In every software, everything boils down to how we model our entities. An entity is not defined by its attribute but by its identity. A value object is just another object but without identity. They are defined by their attributes and it also helps to avoid primitive obsession. With Value Objects, it doesn't matter with "Who" they are, instead, it matters with "What" they are. For example, a Duration can be a value object which can be part of HotelBooking, ActivityBooking, City, etc. Duration can be composed with startDate & endDate, it will have its own validation such as endDate cannot be before startDate and it will be immutable. Currency is another example of a value object.

The other important notions such as the Layered Architecture, Repositories, Domain Events, Aggregates, etc, comprise the tactics of how you should build your software project.

Should I use DDD in my current/next project?

DDD is not applicable to all types of projects, it has its own limitations. Don't apply DDD everywhere by considering it as a silver bullet. Amount of data, Performance, Business logic complexity, Technical complexity, etc, are a few project attributes on which the approach can be decided. DDD fits well in the cases where the project has a lot of complex business rules. It won't help you if you work with big data, need to achieve outstanding performance or program against hardware systems.

DDD is only responsible to tackle business logic complexity. So for eg, in the case of Twitter, DDD won't help much as the real challenges in this kind of application are performance & scalability. The business logic itself is pretty simple in Twitter. A good example of DDD can be real-world ERP systems. ERP systems tend to be slower due to complex business rules are getting applied to a moderate amount of data and the major focus of these systems is to deal with business complexity. The biggest challenge in such projects is to handle business logic complexity in such a way that it would be possible to extend and maintain the solution in the long run. That is exactly the task that domain driven design practices are aimed to solve. They help us create codebase, that is simple & maintainable, which helps to extend the business logic in the longer run.

Conclusion

With DDD, it's not about just writing the code, it's more about the practices. To get the most out of domain driven design, you should constantly refine your domain knowledge with the help of the experts in your company, and it shouldn't be a one-way process, constant two-way communication between engineering & domain experts is very important. Another important implication of domain-driven design is that you should always strive to become a domain expert yourself. Constantly work with the experts and strive to help them simplify or even completely rethink the problem. Your code, if built using the ubiquitous language, can become a great help for yourself. Developers are often enthusiastic about coding due to some technical challenges and sometimes this can become an issue due to lack of communication which should be completely avoided. To benefit them the domain-driven design techniques the most, you should always try to dive into the domain you are working in as much as possible. It might be boring at the start because the domain knowledge you get working on one project can hardly be applied to another, but in reality, it is not the case. When you write the code, you start writing in the same language(Ubiquitous Language) that is used by the domain experts, you will start looking at the project from the domain expert's perspective. Along with this, you will also learn the concepts of DDD and that will help you to apply them in other projects.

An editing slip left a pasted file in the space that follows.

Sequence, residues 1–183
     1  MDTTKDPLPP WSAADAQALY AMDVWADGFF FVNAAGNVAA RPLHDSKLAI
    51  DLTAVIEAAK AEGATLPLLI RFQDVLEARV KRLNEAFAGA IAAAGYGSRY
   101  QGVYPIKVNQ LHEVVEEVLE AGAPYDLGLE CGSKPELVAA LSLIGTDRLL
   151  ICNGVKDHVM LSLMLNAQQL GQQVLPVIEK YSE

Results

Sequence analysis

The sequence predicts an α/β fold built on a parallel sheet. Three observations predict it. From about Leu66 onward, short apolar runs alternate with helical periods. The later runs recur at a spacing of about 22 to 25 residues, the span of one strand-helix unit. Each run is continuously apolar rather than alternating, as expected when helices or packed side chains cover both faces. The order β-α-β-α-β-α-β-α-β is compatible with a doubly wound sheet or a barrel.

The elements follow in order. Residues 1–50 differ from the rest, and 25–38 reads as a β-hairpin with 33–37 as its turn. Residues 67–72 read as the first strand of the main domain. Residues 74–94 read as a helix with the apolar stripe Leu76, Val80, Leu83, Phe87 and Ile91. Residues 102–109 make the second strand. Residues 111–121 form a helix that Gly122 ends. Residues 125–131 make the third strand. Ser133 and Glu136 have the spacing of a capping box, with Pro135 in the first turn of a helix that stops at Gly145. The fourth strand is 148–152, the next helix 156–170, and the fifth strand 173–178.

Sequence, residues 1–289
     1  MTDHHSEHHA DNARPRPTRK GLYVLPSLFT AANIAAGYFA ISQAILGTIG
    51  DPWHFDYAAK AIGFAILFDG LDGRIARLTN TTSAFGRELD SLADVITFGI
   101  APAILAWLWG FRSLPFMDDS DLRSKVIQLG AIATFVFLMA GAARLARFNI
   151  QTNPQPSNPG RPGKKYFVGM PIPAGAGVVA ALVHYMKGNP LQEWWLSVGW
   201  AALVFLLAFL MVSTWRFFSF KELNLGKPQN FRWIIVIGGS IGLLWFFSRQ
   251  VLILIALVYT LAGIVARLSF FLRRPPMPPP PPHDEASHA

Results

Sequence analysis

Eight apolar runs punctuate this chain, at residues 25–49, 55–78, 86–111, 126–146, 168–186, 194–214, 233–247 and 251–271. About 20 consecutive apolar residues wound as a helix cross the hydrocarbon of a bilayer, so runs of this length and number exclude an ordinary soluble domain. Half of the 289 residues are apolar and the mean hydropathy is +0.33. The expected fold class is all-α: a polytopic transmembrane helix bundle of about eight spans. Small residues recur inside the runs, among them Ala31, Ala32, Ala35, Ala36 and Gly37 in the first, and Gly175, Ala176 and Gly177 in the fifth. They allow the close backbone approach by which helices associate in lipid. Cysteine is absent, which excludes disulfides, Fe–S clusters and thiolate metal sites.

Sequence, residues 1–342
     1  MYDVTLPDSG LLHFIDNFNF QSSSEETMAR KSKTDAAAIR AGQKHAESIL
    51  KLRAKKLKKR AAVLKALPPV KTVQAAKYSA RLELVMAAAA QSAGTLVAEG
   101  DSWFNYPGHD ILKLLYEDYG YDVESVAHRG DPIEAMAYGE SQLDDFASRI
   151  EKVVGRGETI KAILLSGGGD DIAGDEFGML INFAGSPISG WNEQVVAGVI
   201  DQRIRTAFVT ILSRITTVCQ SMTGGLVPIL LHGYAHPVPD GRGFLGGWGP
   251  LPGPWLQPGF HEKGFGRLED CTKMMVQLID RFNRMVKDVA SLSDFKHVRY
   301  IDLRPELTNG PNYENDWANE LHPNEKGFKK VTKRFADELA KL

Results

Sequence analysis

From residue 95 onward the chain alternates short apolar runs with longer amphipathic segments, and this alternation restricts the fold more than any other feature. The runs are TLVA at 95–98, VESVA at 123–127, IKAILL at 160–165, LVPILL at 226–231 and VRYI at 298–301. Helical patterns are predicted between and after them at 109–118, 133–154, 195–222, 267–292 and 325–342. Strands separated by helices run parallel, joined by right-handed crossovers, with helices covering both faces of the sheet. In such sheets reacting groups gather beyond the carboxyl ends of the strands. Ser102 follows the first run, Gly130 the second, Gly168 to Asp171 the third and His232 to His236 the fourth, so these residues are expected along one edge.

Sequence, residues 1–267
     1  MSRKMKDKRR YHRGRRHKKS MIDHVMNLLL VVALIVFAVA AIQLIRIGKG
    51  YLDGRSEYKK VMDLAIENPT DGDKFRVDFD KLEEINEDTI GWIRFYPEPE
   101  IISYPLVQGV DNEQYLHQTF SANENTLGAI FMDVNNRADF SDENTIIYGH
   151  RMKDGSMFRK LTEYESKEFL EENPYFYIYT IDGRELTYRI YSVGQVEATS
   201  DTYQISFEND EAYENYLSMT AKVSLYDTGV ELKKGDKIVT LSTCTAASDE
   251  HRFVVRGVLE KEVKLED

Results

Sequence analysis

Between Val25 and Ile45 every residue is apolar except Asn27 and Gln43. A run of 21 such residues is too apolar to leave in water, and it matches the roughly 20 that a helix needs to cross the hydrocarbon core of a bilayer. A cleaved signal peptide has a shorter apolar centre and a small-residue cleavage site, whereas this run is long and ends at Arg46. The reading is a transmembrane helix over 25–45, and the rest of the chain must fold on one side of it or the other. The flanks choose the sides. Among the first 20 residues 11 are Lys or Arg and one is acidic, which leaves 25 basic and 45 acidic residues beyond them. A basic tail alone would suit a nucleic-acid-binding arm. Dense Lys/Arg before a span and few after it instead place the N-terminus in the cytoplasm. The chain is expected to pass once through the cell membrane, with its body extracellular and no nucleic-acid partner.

Again, DDD is not something that can be covered in a blog post, it's a huge topic and might take weeks to understand and years of experience to master it. There are various resources available online that can help you to understand much better.